In April we celebrate the work of inventors and innovators around the world and the intellectual property they create. Australia Plus spoke to a patent attorney to find out how you get a patent in Australia.
Are you the sort of person who likes to make things? Perhaps you're a fully-fledged inventor working on the next big thing. Have you considered getting a patent for your creation?
"Patents are used by inventors to protect their inventions" says Dr Annabella Newton. An invention can be a new product or a new way of doing something.
Dr Newton is a patent and trade marks attorney at Phillips Ormonde Fitzpatrick, and helps her clients apply for patents in Australia and overseas.
Patents are a type of intellectual property, she says, which is "an umbrella term used for creations of the human mind" and "also a set of legal frameworks that protects intellectual property".
The other main forms of intellectual property in Australia are copyright, designs and trademarks.
A patent gives you a limited monopoly, or a limited period of time in which you have exclusive rights over your invention, in exchange for publishing the details of your invention.
A standard patent is usually 20 years, but in Australia you can also apply for something called an innovation patent, which give you eight years of protection.
"They're there to provide quick, affordable protection for… more incremental innovations," says Dr Newton.
To be granted a patent there are two things you have to show: that your invention is novel, and that you had to take 'an inventive step' to create it.
"If there's nothing else out there that's the same, then it's novel," says Dr Newton.
But showing you've taken an inventive step is trickier to prove because that's more subjective.
In Australia we measure it by looking at your invention from the perspective of someone 'skilled in the art', which means an expert in your particular field.
"So they're an incredibly skilled technician but they don't have an ounce of inventive faculty," says Dr Newton.
"They would look at the closest thing to your invention, and if they would immediately arrive at your invention without any further sort of instruction it's not an invention.
"But if they would have to do any kind of mental gymnastics to get to your invention, then it probably is."
Of course, you can't patent everything. Pure scientific discoveries aren't patentable, neither are ideas or mathematical formulas.
The test is how much human intervention there is, says Dr Newton.
"If you took your new discovery and were able to do something cool with it then that might be patentable."
How do you go about getting a patent in Australia?
The first step, Dr Newton says, is to consult a patent attorney, as the process of applying for a patent is very complex.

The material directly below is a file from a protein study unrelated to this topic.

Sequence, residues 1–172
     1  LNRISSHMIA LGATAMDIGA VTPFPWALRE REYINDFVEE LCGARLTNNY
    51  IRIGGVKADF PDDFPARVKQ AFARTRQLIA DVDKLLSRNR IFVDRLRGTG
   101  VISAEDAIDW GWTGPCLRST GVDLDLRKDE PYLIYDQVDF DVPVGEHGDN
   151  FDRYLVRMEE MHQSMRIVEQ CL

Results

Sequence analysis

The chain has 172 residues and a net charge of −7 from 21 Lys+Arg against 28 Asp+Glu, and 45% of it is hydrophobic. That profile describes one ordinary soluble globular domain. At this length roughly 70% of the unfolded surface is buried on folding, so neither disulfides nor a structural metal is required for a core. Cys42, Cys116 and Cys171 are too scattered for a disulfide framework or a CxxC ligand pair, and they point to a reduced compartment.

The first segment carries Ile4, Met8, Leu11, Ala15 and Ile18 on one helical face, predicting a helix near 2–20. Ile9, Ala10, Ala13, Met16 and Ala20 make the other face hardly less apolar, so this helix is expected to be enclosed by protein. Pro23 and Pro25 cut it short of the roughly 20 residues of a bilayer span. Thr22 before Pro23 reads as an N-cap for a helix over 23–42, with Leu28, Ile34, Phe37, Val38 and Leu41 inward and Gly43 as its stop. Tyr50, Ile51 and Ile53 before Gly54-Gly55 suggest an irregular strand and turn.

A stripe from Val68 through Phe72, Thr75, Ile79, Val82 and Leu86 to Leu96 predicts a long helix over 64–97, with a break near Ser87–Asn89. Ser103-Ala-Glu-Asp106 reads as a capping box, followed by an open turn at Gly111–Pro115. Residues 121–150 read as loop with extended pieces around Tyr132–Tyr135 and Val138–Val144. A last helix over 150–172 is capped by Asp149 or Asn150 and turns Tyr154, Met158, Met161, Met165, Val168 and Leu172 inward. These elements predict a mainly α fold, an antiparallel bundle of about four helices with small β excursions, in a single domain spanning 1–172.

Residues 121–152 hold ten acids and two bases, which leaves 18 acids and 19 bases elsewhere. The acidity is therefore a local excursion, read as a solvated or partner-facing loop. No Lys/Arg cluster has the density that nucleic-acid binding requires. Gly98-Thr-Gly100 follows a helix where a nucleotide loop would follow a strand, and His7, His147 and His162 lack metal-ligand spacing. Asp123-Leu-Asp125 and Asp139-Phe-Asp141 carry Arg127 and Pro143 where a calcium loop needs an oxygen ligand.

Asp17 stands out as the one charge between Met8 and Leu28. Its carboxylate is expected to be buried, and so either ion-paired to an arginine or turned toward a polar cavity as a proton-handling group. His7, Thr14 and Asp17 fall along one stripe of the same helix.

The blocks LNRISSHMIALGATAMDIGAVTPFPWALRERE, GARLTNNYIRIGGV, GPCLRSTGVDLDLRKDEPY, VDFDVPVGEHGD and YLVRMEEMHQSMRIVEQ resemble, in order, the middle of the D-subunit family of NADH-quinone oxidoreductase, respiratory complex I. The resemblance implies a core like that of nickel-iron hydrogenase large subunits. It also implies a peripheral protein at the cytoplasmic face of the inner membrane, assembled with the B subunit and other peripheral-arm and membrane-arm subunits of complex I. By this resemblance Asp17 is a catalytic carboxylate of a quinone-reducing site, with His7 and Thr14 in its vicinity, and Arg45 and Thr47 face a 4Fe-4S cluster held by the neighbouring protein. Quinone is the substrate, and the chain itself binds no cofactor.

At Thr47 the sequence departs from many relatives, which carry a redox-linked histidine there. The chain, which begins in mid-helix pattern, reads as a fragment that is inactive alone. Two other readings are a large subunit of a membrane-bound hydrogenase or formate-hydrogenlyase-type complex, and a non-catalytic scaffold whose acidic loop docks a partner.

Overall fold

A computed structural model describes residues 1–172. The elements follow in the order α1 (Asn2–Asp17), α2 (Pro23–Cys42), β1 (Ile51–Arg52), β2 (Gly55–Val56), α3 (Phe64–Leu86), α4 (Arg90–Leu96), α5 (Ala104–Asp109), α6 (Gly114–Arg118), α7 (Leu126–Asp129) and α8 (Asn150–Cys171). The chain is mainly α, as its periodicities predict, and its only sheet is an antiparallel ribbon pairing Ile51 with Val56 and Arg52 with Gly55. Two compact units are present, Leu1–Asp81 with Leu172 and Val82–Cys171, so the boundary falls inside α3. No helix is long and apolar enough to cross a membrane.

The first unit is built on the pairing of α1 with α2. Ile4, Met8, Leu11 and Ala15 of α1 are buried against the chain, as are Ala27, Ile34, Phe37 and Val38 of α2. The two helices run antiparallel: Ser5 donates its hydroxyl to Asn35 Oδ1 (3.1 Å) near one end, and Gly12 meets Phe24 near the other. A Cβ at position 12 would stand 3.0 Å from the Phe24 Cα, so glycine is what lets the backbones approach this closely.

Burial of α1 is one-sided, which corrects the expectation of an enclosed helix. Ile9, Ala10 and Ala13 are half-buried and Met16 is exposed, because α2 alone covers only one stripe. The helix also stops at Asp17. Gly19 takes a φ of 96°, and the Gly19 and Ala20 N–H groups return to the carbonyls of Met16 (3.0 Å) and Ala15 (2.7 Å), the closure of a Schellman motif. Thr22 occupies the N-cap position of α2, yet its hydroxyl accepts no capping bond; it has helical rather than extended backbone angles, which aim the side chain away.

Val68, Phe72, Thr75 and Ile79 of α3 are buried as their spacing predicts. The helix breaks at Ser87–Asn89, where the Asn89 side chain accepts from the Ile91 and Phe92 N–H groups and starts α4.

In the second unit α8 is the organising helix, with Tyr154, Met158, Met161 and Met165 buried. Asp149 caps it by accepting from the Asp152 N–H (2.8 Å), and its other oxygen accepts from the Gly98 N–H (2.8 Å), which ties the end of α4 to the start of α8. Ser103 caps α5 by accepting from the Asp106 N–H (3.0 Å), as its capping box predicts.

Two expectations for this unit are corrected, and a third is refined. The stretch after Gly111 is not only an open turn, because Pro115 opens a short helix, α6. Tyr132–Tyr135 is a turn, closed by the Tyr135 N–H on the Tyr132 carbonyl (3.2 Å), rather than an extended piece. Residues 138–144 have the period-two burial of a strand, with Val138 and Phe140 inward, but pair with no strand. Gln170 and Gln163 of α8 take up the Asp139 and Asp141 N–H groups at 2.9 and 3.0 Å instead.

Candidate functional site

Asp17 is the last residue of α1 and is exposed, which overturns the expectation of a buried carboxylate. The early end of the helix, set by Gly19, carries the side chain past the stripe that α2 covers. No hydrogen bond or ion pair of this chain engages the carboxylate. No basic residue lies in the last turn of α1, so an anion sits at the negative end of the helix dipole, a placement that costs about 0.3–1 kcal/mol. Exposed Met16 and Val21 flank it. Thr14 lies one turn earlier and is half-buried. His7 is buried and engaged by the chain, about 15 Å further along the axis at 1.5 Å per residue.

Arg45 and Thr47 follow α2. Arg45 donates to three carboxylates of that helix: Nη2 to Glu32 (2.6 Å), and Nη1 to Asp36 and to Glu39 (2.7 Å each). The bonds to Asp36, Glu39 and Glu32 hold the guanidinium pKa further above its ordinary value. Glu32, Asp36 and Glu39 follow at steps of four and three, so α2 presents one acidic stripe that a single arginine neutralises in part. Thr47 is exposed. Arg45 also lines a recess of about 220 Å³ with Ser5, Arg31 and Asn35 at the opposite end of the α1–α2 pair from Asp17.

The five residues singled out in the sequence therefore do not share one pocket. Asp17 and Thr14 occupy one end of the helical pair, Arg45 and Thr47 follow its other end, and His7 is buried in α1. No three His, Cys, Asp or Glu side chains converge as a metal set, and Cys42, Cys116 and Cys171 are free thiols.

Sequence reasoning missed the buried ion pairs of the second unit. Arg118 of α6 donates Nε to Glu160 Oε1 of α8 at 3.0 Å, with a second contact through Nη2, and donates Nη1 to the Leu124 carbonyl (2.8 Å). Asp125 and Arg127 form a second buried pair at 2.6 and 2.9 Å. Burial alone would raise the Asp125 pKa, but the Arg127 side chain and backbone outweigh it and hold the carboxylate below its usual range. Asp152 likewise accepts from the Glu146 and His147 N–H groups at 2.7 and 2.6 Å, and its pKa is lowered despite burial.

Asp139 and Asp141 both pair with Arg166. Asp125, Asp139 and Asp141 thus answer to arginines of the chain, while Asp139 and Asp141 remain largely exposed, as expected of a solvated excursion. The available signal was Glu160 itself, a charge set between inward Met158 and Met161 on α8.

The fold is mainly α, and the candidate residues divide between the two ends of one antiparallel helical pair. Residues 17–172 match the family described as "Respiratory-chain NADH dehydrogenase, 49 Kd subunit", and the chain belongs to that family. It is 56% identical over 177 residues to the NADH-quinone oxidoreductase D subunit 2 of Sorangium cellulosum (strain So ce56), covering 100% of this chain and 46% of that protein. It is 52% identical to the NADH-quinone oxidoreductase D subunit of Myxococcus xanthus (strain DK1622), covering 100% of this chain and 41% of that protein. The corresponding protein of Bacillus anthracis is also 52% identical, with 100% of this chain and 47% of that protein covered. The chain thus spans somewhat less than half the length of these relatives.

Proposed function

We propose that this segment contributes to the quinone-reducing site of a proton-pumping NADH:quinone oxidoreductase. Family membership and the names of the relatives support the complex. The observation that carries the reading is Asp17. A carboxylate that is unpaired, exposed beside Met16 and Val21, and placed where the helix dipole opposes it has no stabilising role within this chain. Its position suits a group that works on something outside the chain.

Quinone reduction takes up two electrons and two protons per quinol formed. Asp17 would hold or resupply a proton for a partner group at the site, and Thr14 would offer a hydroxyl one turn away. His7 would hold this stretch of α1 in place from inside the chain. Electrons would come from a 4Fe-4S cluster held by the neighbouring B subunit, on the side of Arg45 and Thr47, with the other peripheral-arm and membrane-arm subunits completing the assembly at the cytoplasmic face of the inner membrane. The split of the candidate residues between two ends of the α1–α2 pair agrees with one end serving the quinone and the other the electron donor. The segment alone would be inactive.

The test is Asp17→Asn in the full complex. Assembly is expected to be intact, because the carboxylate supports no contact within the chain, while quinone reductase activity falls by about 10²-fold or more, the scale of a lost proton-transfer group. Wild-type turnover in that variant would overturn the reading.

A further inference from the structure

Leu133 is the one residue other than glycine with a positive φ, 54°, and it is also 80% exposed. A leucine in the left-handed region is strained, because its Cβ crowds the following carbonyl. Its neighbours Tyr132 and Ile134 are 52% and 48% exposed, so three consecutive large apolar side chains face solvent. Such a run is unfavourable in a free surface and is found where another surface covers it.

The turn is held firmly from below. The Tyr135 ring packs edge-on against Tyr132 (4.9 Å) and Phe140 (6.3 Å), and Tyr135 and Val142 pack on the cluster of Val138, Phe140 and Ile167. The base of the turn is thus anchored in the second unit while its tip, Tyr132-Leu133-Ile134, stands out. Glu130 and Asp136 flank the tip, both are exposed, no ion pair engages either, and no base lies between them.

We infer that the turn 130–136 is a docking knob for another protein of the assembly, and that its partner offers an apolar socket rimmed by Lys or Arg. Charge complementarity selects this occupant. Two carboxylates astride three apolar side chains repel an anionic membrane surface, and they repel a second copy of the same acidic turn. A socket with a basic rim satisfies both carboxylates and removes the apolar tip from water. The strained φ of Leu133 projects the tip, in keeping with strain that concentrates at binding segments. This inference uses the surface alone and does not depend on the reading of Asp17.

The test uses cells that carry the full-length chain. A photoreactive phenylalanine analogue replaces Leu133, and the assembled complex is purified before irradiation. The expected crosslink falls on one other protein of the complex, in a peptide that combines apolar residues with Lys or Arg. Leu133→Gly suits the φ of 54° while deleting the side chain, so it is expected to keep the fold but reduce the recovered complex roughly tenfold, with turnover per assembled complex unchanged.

You want to ensure what you've got is new, and you also want to make sure that your patent isn't infringing someone else's rights.
"A patent attorney... will be able to give you advice on whether what you've got is worth proceeding with," she says.
If it is they can then help you draft a patent specification: the legal document that defines the parameters of your invention or what you're trying to claim essentially.
"We usually try and draft it in very broad language," says Dr Newton.
"So if you've come up with a new type of drinking glass we wouldn't define it as a cylinder to fill with water, we'd define it as an open-ended vessel capable of receiving a fluid."
It's always a balancing act between giving yourself the broadest possible protection under the law so your competitors can't essentially copy you, and claiming more than is fair.
It also depends on how crowded the field is already for your invention.
"Drinking glasses for example, there's already lots out there," says Dr Newton. "I'd very much doubt you'd be able to get a decent patent for a drinking glass."
Once you have your patent specification it's then time to file it with IP Australia, who administer all of the intellectual property rights in Australia.
"The process is actually fairly complex because you have various options for filing your patent," says Dr Newton.
These include the length of the patent you're applying for and the type of application you're making.
You could be making a provisional application which gives you 12 months from the date of filing to decide what you want to do next, but creates your line in the sand for any similar patents that follow yours.
You could be filing a complete application in Australia or what's called a PCT (Patent Cooperation Treaty) application if you also want to patent your invention overseas. You don't need to be a citizen of a particular country to apply for a patent there.
As well as Australia, Dr Newton also helps her clients apply for patents in Europe, the US, India, Japan, Korea, China and Singapore.
"[There are] lots of considerations to factor in but it is really fun as well," she says.
"You're working with wonderful, creative people on fascinating inventions."